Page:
Herod’s reconstruction of the Second Temple employed more than one thousand priests, who worked as masons and carpenters, and although the Temple proper was rebuilt in less than two years, the surrounding buildings, courtyards, and walls were not completed until nearly eighty years later. It was a massive project, occupying the entire plateau atop the Temple Mount and reflecting in its design Herod’s affinity for Hellenism.

It must have come as something of a shock, then, when Jesus told the disciples who pointed out the monstrous stones from which the buildings were constructed, “See these great buildings? Not one stone will be left here upon another; all will be thrown down.” Read more

Feasting with the Saints

Feast of All Saints

Isaiah 25:6-9 or Wis Sol. 3:1-9
Ps 24
Rev 21:1-6
Jn 11:32-44

I love All Saints Day. It is one of my favorite feast days of the church year. It is a time for joyfully remembering those who preceded us in the faith, both those well-known and those known only to God.

It is one of the traditional days for baptism, too. When this happens it provides a community with a chance to look both backward to remember departed members of the body and forward with those beginning their new lives in Christ. I am also partial to the hymns for this day. This Sunday is one of those occasions when All Saints Day lands on a Sunday.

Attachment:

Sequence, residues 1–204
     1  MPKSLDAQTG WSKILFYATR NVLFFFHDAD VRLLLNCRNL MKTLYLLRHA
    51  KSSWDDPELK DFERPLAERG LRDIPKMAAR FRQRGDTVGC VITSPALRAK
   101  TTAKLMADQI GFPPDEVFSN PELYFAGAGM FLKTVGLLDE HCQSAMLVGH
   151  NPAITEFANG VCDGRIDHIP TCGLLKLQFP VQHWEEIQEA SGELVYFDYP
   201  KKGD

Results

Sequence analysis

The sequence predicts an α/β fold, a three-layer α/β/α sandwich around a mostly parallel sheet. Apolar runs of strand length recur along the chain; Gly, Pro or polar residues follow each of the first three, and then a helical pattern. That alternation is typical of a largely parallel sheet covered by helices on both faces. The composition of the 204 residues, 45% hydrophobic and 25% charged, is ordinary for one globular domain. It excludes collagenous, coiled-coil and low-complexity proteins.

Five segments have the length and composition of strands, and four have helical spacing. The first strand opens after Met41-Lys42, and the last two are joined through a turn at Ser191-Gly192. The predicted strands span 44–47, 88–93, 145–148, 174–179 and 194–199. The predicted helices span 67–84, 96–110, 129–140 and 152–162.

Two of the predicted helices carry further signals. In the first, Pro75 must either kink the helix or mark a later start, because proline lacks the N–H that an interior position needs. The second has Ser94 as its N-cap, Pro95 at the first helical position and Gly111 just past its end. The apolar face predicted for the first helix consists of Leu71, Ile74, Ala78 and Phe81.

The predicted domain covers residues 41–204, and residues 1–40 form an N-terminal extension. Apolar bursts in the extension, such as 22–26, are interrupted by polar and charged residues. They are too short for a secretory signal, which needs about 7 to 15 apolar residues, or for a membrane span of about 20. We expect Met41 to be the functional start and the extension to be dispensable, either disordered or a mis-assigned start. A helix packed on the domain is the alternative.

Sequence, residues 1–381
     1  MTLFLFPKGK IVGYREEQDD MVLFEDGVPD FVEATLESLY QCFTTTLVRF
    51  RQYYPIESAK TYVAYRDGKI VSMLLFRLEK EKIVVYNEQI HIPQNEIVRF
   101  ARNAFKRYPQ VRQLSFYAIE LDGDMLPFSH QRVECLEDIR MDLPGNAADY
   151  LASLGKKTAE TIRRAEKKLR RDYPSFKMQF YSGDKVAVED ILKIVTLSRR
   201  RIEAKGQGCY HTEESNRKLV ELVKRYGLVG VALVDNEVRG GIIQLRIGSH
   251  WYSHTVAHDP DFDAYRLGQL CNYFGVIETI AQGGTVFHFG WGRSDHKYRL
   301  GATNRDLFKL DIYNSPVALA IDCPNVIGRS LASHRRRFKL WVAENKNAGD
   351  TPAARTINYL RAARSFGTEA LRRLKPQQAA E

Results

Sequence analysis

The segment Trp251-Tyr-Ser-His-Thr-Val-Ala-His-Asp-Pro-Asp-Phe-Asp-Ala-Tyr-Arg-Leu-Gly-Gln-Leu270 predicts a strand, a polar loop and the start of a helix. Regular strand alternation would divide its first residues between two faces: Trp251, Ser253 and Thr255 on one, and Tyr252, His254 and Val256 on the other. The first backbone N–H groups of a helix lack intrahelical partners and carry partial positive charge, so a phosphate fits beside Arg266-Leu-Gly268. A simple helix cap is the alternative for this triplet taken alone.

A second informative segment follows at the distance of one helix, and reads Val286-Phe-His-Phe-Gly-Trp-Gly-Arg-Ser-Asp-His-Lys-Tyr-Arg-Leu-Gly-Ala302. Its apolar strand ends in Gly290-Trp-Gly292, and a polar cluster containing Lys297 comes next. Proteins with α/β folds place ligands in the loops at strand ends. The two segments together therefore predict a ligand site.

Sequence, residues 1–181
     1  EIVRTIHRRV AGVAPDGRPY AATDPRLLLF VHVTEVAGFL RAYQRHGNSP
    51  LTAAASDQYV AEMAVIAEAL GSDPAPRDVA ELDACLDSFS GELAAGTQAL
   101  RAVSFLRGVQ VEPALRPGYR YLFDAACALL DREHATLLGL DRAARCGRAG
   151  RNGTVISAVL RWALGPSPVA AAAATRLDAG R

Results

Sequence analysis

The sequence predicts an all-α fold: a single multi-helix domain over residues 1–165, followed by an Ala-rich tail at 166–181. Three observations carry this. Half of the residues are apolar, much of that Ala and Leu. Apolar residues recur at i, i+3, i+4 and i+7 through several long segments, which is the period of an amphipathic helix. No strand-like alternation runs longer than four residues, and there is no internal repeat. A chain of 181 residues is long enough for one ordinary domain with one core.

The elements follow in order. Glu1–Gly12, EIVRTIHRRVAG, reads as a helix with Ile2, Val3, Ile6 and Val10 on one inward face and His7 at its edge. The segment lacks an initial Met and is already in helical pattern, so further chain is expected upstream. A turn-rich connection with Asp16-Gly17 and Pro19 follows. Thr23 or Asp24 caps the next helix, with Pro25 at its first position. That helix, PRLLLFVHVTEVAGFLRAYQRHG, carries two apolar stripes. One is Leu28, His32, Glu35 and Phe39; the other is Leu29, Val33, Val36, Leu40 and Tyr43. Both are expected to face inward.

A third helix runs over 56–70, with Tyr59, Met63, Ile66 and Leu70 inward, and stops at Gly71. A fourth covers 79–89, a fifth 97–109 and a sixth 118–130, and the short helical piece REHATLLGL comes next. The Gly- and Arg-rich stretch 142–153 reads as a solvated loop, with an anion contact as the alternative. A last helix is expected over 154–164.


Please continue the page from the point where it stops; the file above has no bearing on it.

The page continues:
One way to focus our remembrance of the saints is to reflect on the rest and security those believers now enjoy in God. Even though they have died, “The souls of the righteous are in the hands of God, no torment will ever touch them” (Wis Sol 3:1). They are now removed from the world in which their steadfast fidelity often led to pain and suffering. This can be a comfort to us who remain behind in this world. Most importantly, their lives should serve to encourage our own greater fidelity. Read more

The LORD Will Make You (into) a House

Eighth Sunday after Pentecost

2 Samuel 7:1-14
Psalm 89:20-37
Ephesians 2:11-22
Mark 6:30-34, 50-56

This week’s First Testament text is a familiar one from 2 Samuel. David, having consolidated his reign and established momentary peace in Israel, wonders aloud to the prophet Nathan whether it is fitting for him to live comfortably in a well-built house while the Ark of the Covenant, the most conspicuous and immediate symbol of God’s presence with Israel, remains in a tent.

The subtext here is pretty obvious; David has in mind the construction of a temple that will be a proper dwelling place for God, and Nathan assures him – at least initially – that he should proceed. Nathan’s assurance, however, is short-lived. That evening God speaks to him, telling him to go to David and inform him that there is no need to build a temple, at least not now.

The explanation God offers, though terse, is theologically illuminating and indicative of things to come, not simply in this particular text, but in the subsequent history of God’s redemptive work. Read more